dis body.

my father’s body
has found its way into my own
the forehead expands, the hair recedes
extends into my stomach…keeps extending
seeping into leg bones degeneratively.
mom’s here too
fully in thighs widened
a rounded high end
drifting up
towards heart’s inner sanctum inner strength
to mind’s brewing bipolarity
permeable mental precarity
present whether i try to hide it or not.
like family
i’m sometimes ashamed
don’t always pay attention
struggle with yet embrace
embraced
evolving pains, woes, fissures, the growths…
all needs tending
tenacious softening
a responsive love
to
of
for
this cultured body

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this dance is black.

a black man.
a disabled black man.
two recent killings
that we know of
with more to come…

& i
in the midst of this –
bridge bodies shoulders with another brotha
arms cross arms
bending necks
this dance emerges
dropping to knees
falling towards the ground
face down
shaken into
holds that rock us
onto our backs
thighs cradle head
side to side
side by side
to momentary stillness.

then
pressed against each other
we roll up
rise
our breaths are deep
with hands extended
ready to carry ourselves.
again.

black men
disabled black men
we be.
&
we keep movin.

#thisdanceisBlack  #theseFolkwecarry #whathebodyknows

these moments. in the act of art.

the art making doesn’t stop. in the midst of campaigning for what the body knows, an opportunity to collaborate is embraced.  basking from the beauty of the act of art, in the art of experimentation with brilliant artists Nikki Patin and Mikel Patrick Avery in politics  of space , curated by Demecina Beehn as the culmination to 2016 Chicago Home Theater Festival at Dorchester Art + Housing Collaborative’s studio in the neighborhood of  Greater Grand Crossing.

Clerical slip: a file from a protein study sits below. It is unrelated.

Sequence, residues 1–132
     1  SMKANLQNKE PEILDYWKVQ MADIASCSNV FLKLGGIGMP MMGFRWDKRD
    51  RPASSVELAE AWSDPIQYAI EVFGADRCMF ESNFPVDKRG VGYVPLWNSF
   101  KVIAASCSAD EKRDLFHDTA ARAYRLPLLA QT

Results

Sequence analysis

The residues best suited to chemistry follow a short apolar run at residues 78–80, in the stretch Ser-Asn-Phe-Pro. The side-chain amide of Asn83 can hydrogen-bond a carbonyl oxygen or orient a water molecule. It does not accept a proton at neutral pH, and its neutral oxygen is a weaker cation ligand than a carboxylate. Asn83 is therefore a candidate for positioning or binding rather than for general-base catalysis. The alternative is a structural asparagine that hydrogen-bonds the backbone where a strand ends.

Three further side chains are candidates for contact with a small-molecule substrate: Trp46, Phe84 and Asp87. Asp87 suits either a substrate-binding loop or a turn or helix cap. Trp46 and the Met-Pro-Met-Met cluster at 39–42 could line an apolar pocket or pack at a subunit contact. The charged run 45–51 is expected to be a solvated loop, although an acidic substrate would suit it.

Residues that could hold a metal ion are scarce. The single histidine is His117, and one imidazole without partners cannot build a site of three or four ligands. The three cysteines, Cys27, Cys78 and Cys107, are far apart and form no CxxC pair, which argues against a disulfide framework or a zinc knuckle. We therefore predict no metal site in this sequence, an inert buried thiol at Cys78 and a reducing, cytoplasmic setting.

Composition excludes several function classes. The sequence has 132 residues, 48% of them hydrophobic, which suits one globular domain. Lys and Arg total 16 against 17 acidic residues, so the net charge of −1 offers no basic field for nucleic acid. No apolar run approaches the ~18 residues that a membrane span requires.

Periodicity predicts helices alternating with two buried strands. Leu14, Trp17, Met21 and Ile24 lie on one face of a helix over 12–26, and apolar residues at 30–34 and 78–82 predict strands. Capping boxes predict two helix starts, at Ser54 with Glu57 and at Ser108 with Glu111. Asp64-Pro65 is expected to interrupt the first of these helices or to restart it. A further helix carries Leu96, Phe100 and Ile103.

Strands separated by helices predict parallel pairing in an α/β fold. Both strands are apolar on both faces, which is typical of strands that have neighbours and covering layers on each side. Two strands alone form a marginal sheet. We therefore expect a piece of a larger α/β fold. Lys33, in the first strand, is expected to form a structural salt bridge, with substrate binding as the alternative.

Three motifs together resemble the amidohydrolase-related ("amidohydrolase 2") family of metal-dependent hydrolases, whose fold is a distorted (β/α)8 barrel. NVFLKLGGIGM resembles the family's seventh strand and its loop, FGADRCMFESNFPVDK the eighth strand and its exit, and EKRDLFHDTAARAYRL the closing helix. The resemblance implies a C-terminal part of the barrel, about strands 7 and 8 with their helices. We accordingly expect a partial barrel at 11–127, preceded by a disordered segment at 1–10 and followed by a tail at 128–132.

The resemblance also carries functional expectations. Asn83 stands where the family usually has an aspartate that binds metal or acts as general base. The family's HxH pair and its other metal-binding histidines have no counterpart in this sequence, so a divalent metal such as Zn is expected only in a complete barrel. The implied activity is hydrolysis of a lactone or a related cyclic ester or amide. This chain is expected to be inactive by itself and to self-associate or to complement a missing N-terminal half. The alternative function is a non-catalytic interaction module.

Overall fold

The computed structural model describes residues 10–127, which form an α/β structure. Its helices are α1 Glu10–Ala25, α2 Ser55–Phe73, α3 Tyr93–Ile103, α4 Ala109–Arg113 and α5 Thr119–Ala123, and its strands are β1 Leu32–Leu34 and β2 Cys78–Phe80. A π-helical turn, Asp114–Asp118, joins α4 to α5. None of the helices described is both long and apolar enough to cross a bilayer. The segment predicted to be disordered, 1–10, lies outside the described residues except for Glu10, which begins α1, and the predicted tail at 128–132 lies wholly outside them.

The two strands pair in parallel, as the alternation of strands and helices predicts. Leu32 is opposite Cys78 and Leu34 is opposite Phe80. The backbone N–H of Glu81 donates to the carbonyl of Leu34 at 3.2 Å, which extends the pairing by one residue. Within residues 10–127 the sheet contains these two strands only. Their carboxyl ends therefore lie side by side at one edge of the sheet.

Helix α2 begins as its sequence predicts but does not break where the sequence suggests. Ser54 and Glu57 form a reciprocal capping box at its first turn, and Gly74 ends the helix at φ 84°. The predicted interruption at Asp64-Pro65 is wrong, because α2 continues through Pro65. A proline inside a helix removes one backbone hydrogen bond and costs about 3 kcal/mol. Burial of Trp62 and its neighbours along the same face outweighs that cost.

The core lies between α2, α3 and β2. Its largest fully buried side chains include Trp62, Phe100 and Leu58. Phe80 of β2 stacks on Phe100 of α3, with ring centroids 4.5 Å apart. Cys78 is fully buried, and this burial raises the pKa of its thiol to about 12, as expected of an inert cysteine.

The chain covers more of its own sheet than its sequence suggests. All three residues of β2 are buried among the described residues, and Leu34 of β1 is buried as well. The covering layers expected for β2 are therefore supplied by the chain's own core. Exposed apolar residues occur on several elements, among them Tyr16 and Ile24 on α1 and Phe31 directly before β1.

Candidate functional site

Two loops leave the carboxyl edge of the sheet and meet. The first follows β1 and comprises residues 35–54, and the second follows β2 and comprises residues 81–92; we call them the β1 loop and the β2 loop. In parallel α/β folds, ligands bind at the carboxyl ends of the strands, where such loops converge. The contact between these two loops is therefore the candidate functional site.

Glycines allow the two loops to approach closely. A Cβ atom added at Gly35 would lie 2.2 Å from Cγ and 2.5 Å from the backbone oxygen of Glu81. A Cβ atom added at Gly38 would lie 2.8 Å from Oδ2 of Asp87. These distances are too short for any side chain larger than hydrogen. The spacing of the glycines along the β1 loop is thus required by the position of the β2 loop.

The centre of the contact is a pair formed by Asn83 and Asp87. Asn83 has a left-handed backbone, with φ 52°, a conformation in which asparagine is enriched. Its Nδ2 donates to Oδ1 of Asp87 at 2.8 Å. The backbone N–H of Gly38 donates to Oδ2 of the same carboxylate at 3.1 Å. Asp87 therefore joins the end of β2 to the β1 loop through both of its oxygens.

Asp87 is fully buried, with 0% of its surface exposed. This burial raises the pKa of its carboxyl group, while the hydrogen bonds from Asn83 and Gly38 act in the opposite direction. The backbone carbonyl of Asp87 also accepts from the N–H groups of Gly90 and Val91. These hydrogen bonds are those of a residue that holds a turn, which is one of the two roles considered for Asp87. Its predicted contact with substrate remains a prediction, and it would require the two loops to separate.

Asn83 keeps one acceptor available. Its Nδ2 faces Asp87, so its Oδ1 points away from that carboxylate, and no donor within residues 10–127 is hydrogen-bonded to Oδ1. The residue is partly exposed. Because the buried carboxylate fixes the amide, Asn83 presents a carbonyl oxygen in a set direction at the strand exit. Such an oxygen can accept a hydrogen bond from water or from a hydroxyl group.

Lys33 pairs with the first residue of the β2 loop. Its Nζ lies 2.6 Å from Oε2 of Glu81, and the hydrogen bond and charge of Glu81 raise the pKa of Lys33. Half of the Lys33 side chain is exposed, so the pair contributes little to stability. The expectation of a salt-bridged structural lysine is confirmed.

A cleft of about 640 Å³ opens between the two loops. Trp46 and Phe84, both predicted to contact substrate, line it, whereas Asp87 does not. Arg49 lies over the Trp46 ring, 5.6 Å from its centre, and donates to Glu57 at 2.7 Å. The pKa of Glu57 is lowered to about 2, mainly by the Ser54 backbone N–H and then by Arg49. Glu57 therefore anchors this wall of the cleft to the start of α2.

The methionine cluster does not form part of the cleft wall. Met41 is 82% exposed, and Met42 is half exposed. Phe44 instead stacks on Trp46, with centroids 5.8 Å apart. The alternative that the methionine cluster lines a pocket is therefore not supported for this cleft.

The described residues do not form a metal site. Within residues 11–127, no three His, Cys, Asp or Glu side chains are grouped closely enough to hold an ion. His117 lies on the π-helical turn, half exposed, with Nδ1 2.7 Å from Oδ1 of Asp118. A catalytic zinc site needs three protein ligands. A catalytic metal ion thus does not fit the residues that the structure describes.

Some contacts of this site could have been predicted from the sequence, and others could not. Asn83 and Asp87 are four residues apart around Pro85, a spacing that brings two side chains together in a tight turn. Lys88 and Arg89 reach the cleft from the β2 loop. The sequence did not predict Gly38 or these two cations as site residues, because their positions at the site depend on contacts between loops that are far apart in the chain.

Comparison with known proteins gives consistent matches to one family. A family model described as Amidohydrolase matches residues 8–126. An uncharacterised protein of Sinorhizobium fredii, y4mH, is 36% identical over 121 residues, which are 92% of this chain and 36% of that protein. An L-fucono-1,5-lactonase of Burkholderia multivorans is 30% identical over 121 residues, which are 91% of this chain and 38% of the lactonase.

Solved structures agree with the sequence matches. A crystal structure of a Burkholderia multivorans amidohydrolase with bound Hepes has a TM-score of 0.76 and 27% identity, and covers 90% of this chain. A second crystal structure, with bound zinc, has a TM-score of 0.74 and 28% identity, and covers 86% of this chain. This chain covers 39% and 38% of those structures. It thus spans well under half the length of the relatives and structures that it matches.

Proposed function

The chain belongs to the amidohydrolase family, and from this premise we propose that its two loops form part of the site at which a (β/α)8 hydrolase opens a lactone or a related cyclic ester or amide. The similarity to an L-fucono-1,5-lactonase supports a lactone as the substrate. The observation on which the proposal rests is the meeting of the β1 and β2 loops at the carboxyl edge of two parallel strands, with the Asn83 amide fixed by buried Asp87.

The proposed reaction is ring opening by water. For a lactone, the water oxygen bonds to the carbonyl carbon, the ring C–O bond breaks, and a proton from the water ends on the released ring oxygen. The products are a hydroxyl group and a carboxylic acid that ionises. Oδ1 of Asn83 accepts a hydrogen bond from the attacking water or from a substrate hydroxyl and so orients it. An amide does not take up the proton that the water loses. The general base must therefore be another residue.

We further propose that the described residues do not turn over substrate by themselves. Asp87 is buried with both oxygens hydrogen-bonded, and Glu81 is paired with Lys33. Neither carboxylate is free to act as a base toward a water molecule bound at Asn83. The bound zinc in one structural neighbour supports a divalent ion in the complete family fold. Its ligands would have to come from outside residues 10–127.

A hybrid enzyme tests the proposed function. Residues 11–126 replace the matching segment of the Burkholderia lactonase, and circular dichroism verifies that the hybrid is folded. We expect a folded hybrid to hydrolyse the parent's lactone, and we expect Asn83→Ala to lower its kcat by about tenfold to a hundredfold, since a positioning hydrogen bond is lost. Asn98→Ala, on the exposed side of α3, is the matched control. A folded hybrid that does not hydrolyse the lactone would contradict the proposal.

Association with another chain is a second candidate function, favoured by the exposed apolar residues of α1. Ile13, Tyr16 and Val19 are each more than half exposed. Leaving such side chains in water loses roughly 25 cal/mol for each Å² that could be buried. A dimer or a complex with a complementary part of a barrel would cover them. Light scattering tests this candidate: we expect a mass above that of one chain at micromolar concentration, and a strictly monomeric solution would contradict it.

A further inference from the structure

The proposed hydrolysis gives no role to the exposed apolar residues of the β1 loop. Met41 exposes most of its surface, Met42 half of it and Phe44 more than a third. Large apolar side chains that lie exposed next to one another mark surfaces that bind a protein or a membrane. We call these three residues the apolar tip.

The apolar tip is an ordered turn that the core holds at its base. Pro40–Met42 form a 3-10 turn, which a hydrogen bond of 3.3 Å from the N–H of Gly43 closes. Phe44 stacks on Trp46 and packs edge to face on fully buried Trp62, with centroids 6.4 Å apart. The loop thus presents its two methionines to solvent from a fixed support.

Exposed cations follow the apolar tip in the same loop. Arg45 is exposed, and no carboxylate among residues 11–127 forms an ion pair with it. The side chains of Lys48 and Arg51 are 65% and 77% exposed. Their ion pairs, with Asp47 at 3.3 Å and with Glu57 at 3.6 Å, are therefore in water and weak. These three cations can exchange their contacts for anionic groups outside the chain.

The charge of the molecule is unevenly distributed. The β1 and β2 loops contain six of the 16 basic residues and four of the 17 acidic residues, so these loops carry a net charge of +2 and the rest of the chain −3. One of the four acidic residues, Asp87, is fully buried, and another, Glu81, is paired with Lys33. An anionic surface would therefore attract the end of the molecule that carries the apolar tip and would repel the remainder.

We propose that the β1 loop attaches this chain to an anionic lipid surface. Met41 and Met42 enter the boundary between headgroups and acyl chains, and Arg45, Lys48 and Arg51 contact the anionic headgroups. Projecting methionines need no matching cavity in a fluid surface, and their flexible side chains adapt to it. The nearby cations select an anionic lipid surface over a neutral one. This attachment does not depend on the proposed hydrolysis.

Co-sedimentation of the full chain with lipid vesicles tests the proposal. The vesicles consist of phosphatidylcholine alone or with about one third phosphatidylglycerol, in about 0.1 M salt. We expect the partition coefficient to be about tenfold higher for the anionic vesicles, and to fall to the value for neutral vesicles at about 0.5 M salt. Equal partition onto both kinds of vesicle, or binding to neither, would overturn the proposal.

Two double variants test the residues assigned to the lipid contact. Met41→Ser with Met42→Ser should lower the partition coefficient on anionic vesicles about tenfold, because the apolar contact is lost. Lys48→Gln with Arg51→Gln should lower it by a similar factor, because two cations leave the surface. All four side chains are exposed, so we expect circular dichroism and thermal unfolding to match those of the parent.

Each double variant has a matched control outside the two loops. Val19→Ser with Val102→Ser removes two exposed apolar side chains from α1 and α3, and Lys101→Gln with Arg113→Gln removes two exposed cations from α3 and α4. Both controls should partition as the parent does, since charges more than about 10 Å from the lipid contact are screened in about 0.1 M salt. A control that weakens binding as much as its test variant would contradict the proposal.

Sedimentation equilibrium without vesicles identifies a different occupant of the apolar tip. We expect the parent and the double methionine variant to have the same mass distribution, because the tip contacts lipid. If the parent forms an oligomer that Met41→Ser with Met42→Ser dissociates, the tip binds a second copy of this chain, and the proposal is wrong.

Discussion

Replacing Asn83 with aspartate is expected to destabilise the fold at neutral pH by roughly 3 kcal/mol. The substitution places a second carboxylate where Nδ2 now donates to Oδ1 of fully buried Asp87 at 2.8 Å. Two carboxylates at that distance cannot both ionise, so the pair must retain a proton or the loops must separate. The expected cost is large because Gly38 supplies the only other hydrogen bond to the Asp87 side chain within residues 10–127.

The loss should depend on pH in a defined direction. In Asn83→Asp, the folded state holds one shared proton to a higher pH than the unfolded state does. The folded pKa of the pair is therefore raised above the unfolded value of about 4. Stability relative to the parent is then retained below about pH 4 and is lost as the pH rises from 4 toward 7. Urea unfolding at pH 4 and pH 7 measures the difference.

truly thankful for these moments:

this moment in the act of art. we three be. within community. making the unknown known.

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this moment in the act of art. we find each other. tenderly. “who’s the table”. revealing truths.

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the moment post performing. still savoring the act of art. candidly, we three creative folk be.

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from left to right: Nikki Patin, Mikel Patrick Avery and me.

 

support.

sometimes we are offered support. many times we need it. no shame.

Barak supported by Jerron

thankful for the support of my dance partner  Jerron Herman – in this above moment photographed by Nikki Bruce – and the folk who have supported  what the body knows campaign thus far!

this choreographic project will premiere at Stony Island Arts Bank with FREE performances on October 28th and 29th.

the final phase needs more support. please join in the conversation surrounding the intersection of race and disability…embodied through what the body knows.

we keep movin.

May 3rd Performance-52

Black. and Disabled. and Dancing. We keep moving. together. through Art. in Community.

Nearly 1 in 5 folks in America have a disability. Intersect that recent statistic with  the racializing that impacts us all, and we are in for a profound convergence.  A powerful moment to recognize the strength within these communities through thoughtful discussions socially and creatively. 

Join us in the deepening of this conversation.  Please support this new work intersecting race and disability.  A suite of solos and a duet illuminating how we move and are moved by others.

what the body knows campaign is LIVE.   

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*image of Jerron Herman and Barak by EyeAmNikkiB